What Are Some Notable Car Accident Cases That Involve Product Liability?
Notable court cases have profoundly influenced how product liability law applies to car accidents.
GM was involved in two major product liability suits.
In 1999, GM faced a major lawsuit over allegations that its 1979 Chevy Malibu had a defective gas tank prone to exploding and burning occupants when rear-ended – a flaw GM allegedly knew about but declined to fix due to cost concerns. Six severely burned plaintiffs sought $4.9 billion in punitive damages, presenting evidence that GM knew the Malibu gas tank could rupture and ignite in collisions, often trapping passengers.
This prominent personal injury and product liability case underscored the importance of holding automakers accountable when defective designs jeopardize consumer protection.
In 2008, General Motors faced another major class action lawsuit alleging its Dex-Cool engine coolant was defective, causing leaks and engine damage. Approximately 35 million GM customers sued for around $150 million, claiming the coolant caused overheating, sludge build-up, and corrosion. The case settled with customers receiving $50 to $800 each.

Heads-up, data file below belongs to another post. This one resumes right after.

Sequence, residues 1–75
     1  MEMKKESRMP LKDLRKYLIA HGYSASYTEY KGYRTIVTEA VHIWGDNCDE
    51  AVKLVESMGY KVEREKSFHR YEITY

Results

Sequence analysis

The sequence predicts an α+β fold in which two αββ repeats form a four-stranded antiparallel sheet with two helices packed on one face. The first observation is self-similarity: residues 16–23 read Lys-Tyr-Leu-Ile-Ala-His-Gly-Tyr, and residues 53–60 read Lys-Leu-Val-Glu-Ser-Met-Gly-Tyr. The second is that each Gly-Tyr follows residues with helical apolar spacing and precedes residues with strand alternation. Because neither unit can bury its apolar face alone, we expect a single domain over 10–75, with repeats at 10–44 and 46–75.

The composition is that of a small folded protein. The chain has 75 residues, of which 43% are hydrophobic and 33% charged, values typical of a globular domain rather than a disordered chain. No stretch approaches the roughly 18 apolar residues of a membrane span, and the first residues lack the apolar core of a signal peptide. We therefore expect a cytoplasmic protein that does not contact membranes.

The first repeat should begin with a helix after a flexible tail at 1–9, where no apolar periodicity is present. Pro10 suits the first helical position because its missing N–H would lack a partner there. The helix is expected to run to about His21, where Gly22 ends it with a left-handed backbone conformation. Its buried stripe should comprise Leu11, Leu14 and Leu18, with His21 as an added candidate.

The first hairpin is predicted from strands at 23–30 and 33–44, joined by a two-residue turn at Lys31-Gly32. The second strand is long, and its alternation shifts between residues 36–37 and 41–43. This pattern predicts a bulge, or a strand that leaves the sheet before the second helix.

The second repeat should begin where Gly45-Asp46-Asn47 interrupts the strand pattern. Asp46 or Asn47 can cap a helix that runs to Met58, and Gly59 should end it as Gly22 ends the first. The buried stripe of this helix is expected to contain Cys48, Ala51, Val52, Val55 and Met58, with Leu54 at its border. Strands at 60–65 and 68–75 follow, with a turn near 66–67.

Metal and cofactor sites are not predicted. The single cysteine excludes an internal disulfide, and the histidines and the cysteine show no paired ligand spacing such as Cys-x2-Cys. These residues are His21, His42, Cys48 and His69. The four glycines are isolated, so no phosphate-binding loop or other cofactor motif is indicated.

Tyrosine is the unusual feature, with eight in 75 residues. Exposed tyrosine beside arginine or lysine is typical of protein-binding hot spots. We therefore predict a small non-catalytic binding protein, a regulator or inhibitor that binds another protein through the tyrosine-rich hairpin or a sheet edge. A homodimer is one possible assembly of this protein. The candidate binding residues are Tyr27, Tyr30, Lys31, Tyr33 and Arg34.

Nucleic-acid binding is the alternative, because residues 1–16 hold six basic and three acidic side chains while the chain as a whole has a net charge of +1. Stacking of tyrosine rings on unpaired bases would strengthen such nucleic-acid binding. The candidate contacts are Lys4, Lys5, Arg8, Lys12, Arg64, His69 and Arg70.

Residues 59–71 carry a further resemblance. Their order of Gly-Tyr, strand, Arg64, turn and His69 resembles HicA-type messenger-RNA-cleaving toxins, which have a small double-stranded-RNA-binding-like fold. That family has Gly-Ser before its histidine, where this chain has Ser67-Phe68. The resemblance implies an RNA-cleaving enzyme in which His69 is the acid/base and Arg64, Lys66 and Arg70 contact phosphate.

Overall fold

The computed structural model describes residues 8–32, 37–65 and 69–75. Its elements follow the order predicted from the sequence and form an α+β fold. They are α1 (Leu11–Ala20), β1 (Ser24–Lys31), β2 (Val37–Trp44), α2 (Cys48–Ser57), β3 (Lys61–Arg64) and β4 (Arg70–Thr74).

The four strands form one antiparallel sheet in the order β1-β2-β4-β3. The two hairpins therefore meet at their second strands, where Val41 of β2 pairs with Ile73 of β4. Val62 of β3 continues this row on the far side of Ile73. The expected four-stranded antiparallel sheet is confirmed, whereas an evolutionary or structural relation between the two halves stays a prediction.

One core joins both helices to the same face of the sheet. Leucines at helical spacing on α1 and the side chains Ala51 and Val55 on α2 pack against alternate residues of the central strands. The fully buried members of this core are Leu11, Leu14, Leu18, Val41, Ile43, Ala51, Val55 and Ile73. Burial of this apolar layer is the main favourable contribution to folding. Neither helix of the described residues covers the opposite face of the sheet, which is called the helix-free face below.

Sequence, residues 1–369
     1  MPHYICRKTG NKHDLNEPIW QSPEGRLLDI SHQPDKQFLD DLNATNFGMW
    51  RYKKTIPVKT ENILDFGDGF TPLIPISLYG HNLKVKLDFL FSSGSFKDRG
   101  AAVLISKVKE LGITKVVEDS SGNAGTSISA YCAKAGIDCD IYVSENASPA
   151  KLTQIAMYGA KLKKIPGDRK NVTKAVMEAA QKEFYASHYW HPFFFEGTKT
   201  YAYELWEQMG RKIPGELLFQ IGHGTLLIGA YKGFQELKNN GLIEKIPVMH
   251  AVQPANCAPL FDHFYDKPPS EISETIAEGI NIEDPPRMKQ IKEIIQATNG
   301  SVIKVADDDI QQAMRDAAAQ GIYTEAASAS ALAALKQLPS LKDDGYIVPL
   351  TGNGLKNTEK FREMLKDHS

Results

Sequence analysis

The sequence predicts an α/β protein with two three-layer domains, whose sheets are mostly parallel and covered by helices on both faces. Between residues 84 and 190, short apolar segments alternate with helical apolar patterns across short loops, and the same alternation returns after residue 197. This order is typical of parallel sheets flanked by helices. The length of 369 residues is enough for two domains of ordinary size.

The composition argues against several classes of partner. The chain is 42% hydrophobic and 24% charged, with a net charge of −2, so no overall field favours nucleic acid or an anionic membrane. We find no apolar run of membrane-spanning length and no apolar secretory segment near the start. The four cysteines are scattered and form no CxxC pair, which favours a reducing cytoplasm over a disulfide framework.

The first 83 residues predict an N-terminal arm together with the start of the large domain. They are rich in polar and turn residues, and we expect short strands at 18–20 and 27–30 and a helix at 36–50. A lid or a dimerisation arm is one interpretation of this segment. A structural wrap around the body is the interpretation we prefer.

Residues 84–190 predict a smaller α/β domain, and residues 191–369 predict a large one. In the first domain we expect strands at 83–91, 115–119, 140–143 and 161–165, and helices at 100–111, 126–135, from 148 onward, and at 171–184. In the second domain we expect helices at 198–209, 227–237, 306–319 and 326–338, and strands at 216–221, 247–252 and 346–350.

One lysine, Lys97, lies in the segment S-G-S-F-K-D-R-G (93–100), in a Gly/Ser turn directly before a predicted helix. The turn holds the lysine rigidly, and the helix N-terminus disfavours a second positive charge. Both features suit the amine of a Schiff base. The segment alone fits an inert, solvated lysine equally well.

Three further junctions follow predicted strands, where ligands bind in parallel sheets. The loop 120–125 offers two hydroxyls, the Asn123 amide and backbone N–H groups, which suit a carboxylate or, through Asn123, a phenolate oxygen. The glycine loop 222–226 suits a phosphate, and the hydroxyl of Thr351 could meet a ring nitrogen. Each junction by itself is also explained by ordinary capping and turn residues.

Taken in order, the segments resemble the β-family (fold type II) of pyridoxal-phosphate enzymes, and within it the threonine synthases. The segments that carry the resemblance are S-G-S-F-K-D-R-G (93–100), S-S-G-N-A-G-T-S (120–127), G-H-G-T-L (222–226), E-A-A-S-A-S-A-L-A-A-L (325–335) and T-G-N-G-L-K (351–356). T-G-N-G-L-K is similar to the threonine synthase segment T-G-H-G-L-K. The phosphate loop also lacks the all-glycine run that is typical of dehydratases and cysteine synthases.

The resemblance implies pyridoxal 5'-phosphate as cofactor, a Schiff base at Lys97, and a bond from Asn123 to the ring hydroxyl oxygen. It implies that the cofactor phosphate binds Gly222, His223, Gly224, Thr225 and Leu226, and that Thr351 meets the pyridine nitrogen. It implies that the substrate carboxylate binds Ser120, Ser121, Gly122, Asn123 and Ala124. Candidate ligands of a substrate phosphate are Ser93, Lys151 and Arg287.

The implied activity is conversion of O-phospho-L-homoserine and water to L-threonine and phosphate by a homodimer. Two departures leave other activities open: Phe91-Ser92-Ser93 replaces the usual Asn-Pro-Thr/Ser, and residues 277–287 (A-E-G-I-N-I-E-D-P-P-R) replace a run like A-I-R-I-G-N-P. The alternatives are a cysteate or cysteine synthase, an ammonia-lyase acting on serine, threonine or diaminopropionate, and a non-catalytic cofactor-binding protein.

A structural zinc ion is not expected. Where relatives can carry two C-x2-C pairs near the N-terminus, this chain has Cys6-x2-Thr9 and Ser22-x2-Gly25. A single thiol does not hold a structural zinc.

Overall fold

Despite the small payouts, the suit demonstrated consumer power to hold automakers accountable for faulty components through collective legal action.
How to Prove Product Liability in a Car Accident?
Injured parties can pursue compensation through product liability lawsuits when a defective product contributes to a car accident. But how is a product liability claim established in these cases?
Plaintiffs must demonstrate that a flawed vehicle component deviated from design specifications or manufacturing standards, making the part unreasonably dangerous. Expert testimony comparing the failed amount to industry regulations or engineering guidelines can show deviations from safety norms.
Next, it must be proven that the component failure directly caused or worsened the accident, based on accident reconstruction, vehicle inspections, and other evidence tying the defect to the crash dynamics.
Finally, the manufacturer’s negligence must be established, such as knowing about a faulty part but failing to issue a recall or warning. Internal documents can demonstrate awareness of a defect while choosing not to act shows negligence.
Meeting these evidentiary burdens allows plaintiffs to hold automakers and parts suppliers accountable under product liability laws when flaws lead to foreseeable harm. Demonstrating that a faulty product directly generated or amplified crash injuries is crucial for just compensation.
Stand Up to the Big Guys With Experienced Help From HHJ
As we’ve seen, defective auto parts play a major role in many tragic car accidents. Faulty brakes, shoddy tires, and other product flaws endanger drivers daily.
Holding manufacturers accountable is crucial, but pursuing compensation remains complex.
That’s why you need an experienced legal team.
Contact us today for the representation you need for your product liability car accident case.